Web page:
But as Gieselman told commissioners this week, everyone needs to pay a proportional share of the cost of the roadway, and not just the cost of the pavement. Under the proposed guidelines approved by county commissioners yesterday, developers also would share in the cost of right-of-way, drainage easements and water quality provisions. The guidelines would apply in extra-territorial areas of the county, outside the areas deemed as “near-term annexation areas” for Austin.

At this point, the policy is discretionary, not mandatory. As Assistant County Attorney Tom Nuckols described it, the guidelines approved by the court will be the starting point for negotiations between the county and developers. Applicable roadways would be those arterials that appear in the CAMPO 2030 plan, such as Howard Lane.

“You’re dealing with a situation where you’ve got two parties interested in developing voluntary mutually agreeable terms,” Nuckols said. “This is the term sheet for those various different parts. This is a way to save everybody time and money and say, ‘If you’re interested in doing one of these deals with the county, this is the starting point.’”

The policy will not stay discretionary for long. Gieselman said it was likely the terms would be folded into the county’s rewrite of the subdivision guidelines, making participation in road building more mandatory than optional for developers. This would give the county a guarantee that large sections of road will be completed, with more developers bearing the cost of the construction. Developers would be guaranteed a more stable timetable on construction and more participation by the county.

Even as the county commissioners approved the guidelines, commissioners had different perspectives on how the burden should be shared. Sonleitner said developers should be pushed to pay their fair share, since they would be the ones benefiting from the roads. She pointed to missing sections in Dessau Road, saying that the county had to wait two decades for developers to come to the table and put up their fair share. Roads should be built on county deadlines and not hinge on the developers’ inability or unwillingness to pay for a road that benefited them.

“The county is not Bank Mom,” Sonleitner said. “We are not here to cover the costs of private land speculators trying to get into the market. If they go in and say, ‘I’m not ready,’ I respect that. Come back when you’re ready to go through the subdivision process, but we cannot and should not be using public dollars to do things that are going to enrich and enhance the value of their land if they’re not willing to put up their own dollars. The point of this should be to leverage our dollars.”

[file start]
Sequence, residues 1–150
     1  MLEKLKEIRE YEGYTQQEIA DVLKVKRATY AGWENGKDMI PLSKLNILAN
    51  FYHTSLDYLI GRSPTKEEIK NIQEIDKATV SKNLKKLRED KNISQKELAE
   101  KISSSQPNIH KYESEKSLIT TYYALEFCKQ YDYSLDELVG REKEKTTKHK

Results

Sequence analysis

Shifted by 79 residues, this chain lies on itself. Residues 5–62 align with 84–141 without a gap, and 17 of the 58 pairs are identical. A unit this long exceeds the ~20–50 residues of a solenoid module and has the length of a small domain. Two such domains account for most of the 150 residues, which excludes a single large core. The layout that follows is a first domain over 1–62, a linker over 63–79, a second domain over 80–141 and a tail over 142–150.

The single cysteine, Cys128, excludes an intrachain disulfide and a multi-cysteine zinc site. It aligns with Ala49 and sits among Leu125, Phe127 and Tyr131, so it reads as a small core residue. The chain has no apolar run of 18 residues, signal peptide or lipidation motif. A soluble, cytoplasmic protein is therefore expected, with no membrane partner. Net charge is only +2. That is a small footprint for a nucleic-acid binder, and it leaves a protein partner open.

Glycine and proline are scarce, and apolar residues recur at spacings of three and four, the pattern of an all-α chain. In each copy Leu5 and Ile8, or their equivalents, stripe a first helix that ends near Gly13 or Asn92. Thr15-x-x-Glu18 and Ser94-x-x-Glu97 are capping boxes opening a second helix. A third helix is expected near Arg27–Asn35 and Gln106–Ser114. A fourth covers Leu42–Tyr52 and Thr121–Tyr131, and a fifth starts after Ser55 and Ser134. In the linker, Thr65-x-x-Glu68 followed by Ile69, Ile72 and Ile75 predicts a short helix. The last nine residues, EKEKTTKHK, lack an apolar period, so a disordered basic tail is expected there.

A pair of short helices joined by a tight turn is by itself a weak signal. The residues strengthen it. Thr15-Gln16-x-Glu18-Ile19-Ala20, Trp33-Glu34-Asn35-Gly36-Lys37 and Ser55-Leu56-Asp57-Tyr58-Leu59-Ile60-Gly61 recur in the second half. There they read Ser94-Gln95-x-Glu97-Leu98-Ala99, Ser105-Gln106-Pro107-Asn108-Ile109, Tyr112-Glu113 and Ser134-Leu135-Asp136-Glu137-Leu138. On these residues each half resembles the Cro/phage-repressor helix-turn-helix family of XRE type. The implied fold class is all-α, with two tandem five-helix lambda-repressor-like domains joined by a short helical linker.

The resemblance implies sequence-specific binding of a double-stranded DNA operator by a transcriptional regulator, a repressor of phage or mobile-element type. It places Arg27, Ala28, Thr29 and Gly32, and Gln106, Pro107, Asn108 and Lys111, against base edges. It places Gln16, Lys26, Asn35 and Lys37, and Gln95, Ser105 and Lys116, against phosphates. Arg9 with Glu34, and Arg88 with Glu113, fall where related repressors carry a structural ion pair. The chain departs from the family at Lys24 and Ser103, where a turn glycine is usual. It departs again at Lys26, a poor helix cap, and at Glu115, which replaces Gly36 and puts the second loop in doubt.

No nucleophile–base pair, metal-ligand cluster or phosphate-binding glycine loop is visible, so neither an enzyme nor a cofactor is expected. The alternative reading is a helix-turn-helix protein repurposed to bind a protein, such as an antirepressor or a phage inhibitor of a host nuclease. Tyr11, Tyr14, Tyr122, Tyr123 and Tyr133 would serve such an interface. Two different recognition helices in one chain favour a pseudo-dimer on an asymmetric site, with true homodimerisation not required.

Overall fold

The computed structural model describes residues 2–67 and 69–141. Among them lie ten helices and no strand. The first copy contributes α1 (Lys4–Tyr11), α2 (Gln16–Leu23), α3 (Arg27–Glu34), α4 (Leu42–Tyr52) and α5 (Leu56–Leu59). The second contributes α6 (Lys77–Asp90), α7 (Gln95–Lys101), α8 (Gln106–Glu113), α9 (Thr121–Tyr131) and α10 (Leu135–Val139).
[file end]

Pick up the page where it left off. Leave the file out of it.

Precinct 3 Commissioner Gerald Daugherty, on the other hand, said the county did have a duty to move forward with the roadway network, whether or not developers participated. In some cases, constructing a road like Parmer Lane is important to do, regardless of who benefits. Providing an adequate road network is a duty of the county.

“I think one of the reasons why we have the God awful traffic we have, from a mobility standpoint, is that we don’t get out there and build a comprehensive road system,” Daugherty said. “It’s something we always just take for granted, but I don’t want to say we’re only going to build roads when we have people we can extract money from to build those roads.”

Gieselman outlined four major policy guidelines in setting parameters for public-private partnerships on major arterial construction. Under the proposal, the county and developer would split the cost of the arterial 50-50.

The partnership agreement must reflect rough proportionality among landowners. The cost, split between county and developers, will be fair and based on use of the road. The county, under any circumstances, will commit to pay for no less than two lanes of a four-lane road.

The county will agree to be sensitive to cash flow issues. Developers have asked that contributions be divided between the engineering phase and construction phase. Developers also can delay financial contributions until the time of construction, as long as the developers agree to post a fiscal security on the project.

Developers must share the costs of the full project, Gieselman said. That will include the construction of water quality features and bridges, as well as sidewalk and bike facilities. “When we say share the costs, we mean all the costs – everything that is within the right-of-way will be part of the construction costs and will be shared,” Gieselman said.

And the policy will apply to those areas outside the city’s near-term annexation areas. The county may consider some additional language for exceptions in this area when it comes time for the formal policy on the subdivision regulations.

Under the private-public partnerships, the county or the developer could take the project out to bid. The county would maintain its right to review the plans.”

Saying that proposed rules to protect the Edwards Aquifer fall far short of what is needed, representatives of the City of Austin and the Save Our Springs Alliance—among others—told the Texas Commission on Environmental Quality (TCEQ) yesterday that much tougher regulations are needed to protect the vast aquifer.